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A liminal presence: Sikhs in America
In American imagination today, Sikhs have been conflated with Muslims. But this is not the first time this wonderfully robust diasporic community has had to deal with confusion about its identity, writes Vinay Lal.
The history of Sikhs in America, it may appear to some, is bookended by violence directed at them. News of the shooting on August 5 at a gurudwara in Oak Creek, Wisconsin, reverberated throughout the United States and beyond. It is reported that the gunman, Wade Michael Page, was an army veteran, had a tattoo commemorating 9/11, and played with white supremacist bands. His motives remain unclear: some argue that 'hate crimes' need no motive as such, as they feed upon a visceral fear of the Other, though many have speculated that Page mistook Sikhs for Muslims. Mainstream American media organisations, such as CNN and Fox News, wasted little time in characterising Page as an anomaly to 'peaceful, mainstream America', and deplored the shooting as a 'tragic mistake' perpetrated 'against the peaceful Sikh community'.
'What we call the beginning, ' T S Eliot wrote in 'Little Gidding', 'is often the end / And to make and end is to make a beginning. ' The end, not unexpectedly, 'is where we start from', but the end so often seems prefigured in the beginning. Indians first started appearing in some numbers on the west coast of the United States and Canada around 1900: though the majority of them were Sikhs, all Indians were commonly described as 'Hindoos'. I suppose we should call this a 'tragic mistake' as well.
Indeed, the US Immigration Commission of 1911 stated that, for purposes of immigration, Indians were to be labelled as 'Hindus'. If, in the old American adage about American Indians, the only good Indian is a dead one, the few hundred (Asian) Indians who had made their way to the US by around 1905 were seen as a menace to American society. 'Hindu Invasion' was the phrase used by one Fred Lockley in the Pacific Monthly in May 1907 to describe the presence of turbaned Indians;a year later, the Overland Monthly would similarly speak about 'The West and the Hindu Invasion'. Eerily, the 9/11 -- in 1907, not 2001 -- edition of the Bellingham Herald carried a headline more than an inch thick, 'British Columbia Threatens to Secede;Horde of Hindus Landing at Vancouver. '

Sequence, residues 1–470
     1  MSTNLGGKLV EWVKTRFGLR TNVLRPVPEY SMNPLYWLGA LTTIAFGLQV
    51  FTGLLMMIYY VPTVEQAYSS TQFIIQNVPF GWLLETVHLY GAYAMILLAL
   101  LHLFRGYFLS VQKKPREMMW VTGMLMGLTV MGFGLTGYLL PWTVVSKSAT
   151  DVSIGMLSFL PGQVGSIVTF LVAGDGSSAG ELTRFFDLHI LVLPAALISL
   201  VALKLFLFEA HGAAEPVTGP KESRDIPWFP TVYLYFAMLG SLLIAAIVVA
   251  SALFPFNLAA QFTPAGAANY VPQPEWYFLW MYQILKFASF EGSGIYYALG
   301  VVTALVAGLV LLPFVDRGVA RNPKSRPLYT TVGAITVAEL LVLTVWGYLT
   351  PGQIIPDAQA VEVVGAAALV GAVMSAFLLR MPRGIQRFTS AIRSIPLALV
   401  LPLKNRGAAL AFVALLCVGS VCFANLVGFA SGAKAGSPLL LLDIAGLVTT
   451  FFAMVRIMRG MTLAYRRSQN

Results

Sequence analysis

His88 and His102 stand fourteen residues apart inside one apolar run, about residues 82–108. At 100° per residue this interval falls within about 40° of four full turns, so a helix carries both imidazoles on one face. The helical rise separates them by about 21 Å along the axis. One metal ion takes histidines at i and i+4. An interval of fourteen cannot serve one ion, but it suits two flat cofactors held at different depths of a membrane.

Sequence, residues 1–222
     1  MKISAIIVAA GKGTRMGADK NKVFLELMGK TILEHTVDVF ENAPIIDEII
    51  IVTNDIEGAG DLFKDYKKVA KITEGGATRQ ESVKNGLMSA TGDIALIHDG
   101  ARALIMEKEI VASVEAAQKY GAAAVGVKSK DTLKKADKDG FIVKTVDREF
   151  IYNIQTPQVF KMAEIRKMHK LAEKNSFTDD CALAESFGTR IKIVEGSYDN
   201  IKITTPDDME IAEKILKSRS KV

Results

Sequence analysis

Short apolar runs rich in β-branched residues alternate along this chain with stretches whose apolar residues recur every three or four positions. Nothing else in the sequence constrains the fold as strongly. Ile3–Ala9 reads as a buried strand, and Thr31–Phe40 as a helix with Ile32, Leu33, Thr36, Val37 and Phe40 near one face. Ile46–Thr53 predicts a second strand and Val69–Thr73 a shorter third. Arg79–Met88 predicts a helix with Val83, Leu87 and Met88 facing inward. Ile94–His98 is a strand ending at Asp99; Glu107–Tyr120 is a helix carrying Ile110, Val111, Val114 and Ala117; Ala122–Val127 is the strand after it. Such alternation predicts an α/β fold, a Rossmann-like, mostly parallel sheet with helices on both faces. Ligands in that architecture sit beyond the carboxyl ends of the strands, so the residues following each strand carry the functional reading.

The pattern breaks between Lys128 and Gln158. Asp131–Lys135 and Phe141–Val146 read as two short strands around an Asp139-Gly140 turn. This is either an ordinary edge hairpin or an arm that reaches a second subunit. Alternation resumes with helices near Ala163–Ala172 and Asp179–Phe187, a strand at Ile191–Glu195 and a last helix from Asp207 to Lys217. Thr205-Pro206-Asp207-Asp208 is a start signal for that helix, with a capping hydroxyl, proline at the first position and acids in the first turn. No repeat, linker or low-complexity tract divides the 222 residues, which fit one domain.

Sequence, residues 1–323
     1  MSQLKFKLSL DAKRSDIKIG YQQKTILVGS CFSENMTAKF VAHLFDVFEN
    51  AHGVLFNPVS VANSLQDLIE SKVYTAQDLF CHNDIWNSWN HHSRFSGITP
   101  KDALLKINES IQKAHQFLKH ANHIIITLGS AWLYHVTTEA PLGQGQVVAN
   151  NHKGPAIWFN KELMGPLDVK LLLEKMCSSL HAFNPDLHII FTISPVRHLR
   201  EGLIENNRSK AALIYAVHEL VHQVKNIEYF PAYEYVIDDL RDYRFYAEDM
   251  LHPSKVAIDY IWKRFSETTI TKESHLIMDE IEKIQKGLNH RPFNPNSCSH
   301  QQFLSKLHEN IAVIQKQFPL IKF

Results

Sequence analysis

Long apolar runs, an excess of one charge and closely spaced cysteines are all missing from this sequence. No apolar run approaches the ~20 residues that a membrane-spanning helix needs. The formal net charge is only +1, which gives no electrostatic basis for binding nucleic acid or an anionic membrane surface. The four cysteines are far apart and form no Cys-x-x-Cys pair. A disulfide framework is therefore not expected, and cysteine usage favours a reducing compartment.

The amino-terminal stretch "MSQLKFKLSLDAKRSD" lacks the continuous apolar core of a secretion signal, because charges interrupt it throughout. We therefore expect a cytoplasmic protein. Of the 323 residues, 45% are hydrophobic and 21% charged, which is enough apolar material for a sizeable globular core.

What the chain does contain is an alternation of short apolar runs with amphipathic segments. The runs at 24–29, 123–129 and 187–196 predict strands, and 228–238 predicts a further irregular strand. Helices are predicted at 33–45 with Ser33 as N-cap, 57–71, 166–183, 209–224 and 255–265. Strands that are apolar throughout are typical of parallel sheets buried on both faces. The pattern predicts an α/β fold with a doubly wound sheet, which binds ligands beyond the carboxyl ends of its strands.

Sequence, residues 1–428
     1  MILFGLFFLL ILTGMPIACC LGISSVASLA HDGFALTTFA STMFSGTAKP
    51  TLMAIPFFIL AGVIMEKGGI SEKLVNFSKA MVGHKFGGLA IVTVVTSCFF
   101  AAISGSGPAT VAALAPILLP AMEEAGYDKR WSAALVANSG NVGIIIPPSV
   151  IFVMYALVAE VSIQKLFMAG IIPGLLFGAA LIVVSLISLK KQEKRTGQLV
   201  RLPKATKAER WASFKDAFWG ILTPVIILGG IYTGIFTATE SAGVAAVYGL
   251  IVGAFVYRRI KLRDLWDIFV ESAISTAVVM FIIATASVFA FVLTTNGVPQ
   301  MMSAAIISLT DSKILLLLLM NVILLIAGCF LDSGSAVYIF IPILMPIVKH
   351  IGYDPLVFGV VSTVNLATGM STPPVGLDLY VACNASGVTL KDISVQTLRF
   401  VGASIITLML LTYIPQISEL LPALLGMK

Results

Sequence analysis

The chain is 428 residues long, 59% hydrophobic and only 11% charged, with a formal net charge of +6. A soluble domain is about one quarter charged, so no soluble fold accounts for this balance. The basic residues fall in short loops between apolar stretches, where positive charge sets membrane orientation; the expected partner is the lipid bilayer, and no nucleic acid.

The local press soon took to calling Sikhs 'rag-heads'. In the town of Bellingham in Washington, many were employed as lumbermen, much to the chagrin of white labour leaders who alleged that Indians had stolen their jobs and driven down wages. On September 4, 1907, a large crowd of white men instigated large-scale violence against the Indians. Three days later, the Bellingham Herald, in an article entitled 'Bellingham Sees Last of the Hindus', announced with evident pride: 'Entire Colony is Wiped Off City Map'. The Asiatic Exclusion League would continue to agitate vigorously for keeping America empty of 'undesirable Asiatics', achieving this outcome with the Immigration Act of 1924 that barred nearly all Asians from the US.
It is of course Muslims, not Sikhs, who are today viewed as the undesirable hordes who have invaded America. There is something grotesque in the argument that the shooting of the Sikhs at the Oak Creek Gurdwara was a 'tragic mistake' : if it was a 'mistake', a deviation from the right path, how could it have been any better to have killed Muslims? The Oak Creek shooting raises so many profound questions, beyond those that have been raised about America's endless fascination with guns, the influence that the National Rifle Association exercises in American politics, and the country's subcultures of white supremacy. Since Page turned the gun on himself, should we not characterise him as akin to a suicide bomber? Might that not be one way to ensure that we do not think of countries where suicide bombings have been taking place as strangely barbaric? Had Page been a Muslim, is it not certain that he would have been immediately branded as a 'terrorist' and the country would have been deluged with calls to eradicate Muslim fanatics?
However well Sikhs have done for themselves, they occupy a liminal position in American society, indeed the world over. Even in India itself Sikh secessionism has had much to do, from the 1920s until the movement for Khalistan that peaked in the late 1980s, with disputes over the precise nature of Sikh identity. In the American imagination, 100 years later, Sikhs have been conflated with Muslims. Many Sikhs are bound to feel anxious, troubled, and perhaps even resentful, and will insist upon their distinct identity;some, doubtless, will hold on to the hope that an appreciation of their true identity will alleviate their distress.
The Sikhs have, throughout their history, been wonderfully energetic and marvelously receptive to new cultures. They are, as well, an eminently diasporic people. But what is most distinctive about them is precisely their liminality, even if they should wish to insist upon their distinctiveness. The question 'Just who is a Sikh?' is always lurking on the horizon;even their scriptures have an intricate relationship to both Islam and Hinduism. Even as this liminality makes them vulnerable, it is the source of their greatest strength and wisdom. As the world shows increasingly little ability to live with ambiguity and difference, the Sikhs must remain a beacon of hope to those who wish to resist the painful infliction of certitudes upon an ever greater number of people.
The writer teaches at the University of California Los Angeles.
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